With the first accomplishments of the day, it was time for me to try American Exotica, a problem I had looked at with Kyle a few days before. Looks were deceiving with that problem. All the holds are huge, but turned out much harder to hold on to than I expected. From what I could tell the first couple moves are the hardest and for third day on, I was happy with getting them but not sending. I will be back for that problem, and I will do it!
Next we went back to Monkey Bars to try to get in one last tick for the trip. As I pulled onto the start hold of the Direct I felt a rush of despair; what previously was an easy first move felt impossible. I had nothing left, my body and spirit were exhausted and my skin was raw and thin. I fell off the second move and immediately curled up into a ball of defeat and thought “maybe I should switch to golf.” It was the last day and I had nothing else to lose so I just kept trying. Pull onto the start jug, place the feet up high. Do a long right hand move to an awkward two finger pocket. Lock the left heel in, dig the right toe down. Right foot blow; shit, get it back on! Match the left hand in the greasy pocket complex. In an act of desperation, grab an intermediate right hand crimp. Latched it perfectly, it feels solid. Set up and go again to the good right hand edge, solid. Jam my toe into the pocket and with what feels like every fiber of my bicep muscle at full tension, crank to the next edge. Walk the feet up, and do a big move to the finish jug. Send!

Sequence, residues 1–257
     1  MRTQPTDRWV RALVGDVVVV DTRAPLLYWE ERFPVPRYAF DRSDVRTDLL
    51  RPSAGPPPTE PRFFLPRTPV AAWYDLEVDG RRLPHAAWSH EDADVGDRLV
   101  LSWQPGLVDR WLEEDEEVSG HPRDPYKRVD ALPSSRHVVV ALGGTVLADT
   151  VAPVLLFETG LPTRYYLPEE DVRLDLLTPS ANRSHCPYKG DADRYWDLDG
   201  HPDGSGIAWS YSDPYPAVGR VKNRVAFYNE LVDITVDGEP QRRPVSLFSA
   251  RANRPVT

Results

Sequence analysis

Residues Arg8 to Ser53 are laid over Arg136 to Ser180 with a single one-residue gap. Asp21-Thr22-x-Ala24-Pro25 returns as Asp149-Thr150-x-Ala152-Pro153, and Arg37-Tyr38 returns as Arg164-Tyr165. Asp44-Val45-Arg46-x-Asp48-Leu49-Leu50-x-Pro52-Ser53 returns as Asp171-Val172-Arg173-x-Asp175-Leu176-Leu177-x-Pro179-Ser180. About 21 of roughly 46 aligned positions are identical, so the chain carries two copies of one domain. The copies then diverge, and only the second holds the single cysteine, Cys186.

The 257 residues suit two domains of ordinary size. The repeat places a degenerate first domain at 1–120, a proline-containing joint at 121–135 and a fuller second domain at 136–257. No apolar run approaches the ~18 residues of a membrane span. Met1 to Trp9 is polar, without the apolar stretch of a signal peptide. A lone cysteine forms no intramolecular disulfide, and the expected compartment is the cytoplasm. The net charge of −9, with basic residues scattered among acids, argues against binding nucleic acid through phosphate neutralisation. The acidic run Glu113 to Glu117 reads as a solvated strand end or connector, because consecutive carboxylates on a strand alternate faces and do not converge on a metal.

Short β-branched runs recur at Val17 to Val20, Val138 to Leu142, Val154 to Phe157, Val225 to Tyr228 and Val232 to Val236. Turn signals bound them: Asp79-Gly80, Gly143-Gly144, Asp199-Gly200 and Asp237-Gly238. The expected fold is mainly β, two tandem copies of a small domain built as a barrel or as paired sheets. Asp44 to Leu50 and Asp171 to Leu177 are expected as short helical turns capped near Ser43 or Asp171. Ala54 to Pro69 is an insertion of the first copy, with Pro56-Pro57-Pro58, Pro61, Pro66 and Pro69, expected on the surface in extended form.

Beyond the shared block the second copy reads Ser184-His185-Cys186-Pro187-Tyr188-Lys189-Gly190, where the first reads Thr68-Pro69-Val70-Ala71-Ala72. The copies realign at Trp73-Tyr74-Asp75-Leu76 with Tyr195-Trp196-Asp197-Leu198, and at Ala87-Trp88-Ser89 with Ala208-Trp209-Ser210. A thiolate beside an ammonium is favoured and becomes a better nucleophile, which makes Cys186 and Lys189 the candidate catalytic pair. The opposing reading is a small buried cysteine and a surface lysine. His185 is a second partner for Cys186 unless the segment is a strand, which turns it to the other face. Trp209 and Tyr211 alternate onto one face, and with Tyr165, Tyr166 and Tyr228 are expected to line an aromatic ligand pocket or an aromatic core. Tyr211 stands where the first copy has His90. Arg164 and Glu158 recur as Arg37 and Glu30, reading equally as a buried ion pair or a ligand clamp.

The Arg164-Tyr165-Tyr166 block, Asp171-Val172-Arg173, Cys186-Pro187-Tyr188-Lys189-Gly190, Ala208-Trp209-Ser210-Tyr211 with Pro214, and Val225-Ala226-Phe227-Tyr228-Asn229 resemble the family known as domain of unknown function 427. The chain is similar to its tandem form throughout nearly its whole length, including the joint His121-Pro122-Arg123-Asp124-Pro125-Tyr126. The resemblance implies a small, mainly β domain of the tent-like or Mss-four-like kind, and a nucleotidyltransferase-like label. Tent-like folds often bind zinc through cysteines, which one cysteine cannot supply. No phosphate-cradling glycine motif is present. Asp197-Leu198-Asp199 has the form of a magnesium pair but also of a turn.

Trying to jump back on the send train, Kevin set off on the Traverse. I pointed out some much easier beta and he got to the jug! Unfortunately, he slid off it. Sad to see, but a solid effort on his part. The last thing on our list was for Mark to finish the Pearl. At this point everyone’s fingertips were completely pink, and we were all exhausted. Maybe it was the last day best day magic, maybe it was shear force of will, or maybe it was us telling Mark we were going to leave him if he didn’t finish it, but he crushed that rig with style.
This was a fantastic trip with a great group of friends and I can’t wait to go back there. Video highlights.